The Soviet shipbuilding and related industries proved to be incapable of supporting the construction of the four Sovetsky Soyuz-class battleships as well as the two Kronshtadt-class battlecruisers at the same time. The largest warships built in the Soviet Union prior to 1938 were the 8,000-metric-ton (7,874-long-ton) Kirov-class cruisers and even they had suffered from a number of production problems, but the Soviet leadership preferred to ignore the industrial difficulties when making their plans. The shipyards in Leningrad and Nikolayev had less than half the workers intended. Shipbuilding steel proved to be in short supply in 1939–1940 and a number of batches were rejected because they did not meet specifications. An attempt to import 14,000 long tons (14,225 t) of steel and armor plate from the United States in 1939 failed, probably as a result of the Soviet invasion of Poland on 17 September 1939. Armor plate production was even more problematic as only 27,438 metric tons (27,005 long tons) were delivered in 1940 of the anticipated 30,000–32,000 metric tons (29,526–31,495 long tons) and 30–40% of that was rejected. Furthermore the armor plants proved to be incapable of making cemented plates over 230 mm and inferior face-hardened plates had to substituted for all thicknesses over 200 millimeters (7.9 in).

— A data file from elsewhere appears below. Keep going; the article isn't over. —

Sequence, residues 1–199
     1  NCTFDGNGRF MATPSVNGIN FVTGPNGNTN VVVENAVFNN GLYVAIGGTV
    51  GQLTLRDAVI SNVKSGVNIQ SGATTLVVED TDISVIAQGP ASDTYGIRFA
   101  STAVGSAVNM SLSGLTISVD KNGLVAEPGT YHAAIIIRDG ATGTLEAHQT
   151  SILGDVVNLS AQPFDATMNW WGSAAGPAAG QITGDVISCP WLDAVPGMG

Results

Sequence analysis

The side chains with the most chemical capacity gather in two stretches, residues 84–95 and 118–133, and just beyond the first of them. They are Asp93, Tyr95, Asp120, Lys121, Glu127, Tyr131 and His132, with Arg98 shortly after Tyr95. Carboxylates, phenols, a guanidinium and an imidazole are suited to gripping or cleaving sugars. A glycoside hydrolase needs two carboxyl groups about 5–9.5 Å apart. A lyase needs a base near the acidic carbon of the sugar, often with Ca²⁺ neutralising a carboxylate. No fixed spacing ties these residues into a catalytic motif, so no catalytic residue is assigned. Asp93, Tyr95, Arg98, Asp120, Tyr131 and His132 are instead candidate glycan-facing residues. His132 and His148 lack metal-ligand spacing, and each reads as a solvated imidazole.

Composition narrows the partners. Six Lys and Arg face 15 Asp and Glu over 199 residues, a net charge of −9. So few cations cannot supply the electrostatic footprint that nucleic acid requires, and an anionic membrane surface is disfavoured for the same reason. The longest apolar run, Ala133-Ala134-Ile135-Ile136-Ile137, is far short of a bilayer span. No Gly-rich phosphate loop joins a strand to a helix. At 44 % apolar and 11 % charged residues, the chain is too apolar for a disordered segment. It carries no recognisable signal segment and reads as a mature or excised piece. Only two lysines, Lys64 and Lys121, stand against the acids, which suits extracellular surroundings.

Machinery problems were likely to delay the ships well past their intended delivery dates of 1943–44. The Kharkhovskii Turbogenerator Works never completed a single turbine before the German invasion in June 1941. Another problem were the 305 mm guns and turrets as the armament factories were focused on the higher-priority guns for the Sovetsky Soyuz-class battleships. Prototypes of neither had been completed by the time the Germans invaded. The situation was not much better for the smaller guns as mountings for both the 152 mm and 100 mm guns were still incomplete on 22 June 1941 and all of these programs were terminated quickly afterwards.
Read more about this topic: Kronshtadt Class Battlecruiser
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Famous quotes containing the word construction:
“No real vital character in fiction is altogether a conscious construction of the author. On the contrary, it may be a sort of parasitic growth upon the authors personality, developing by internal necessity as much as by external addition.”
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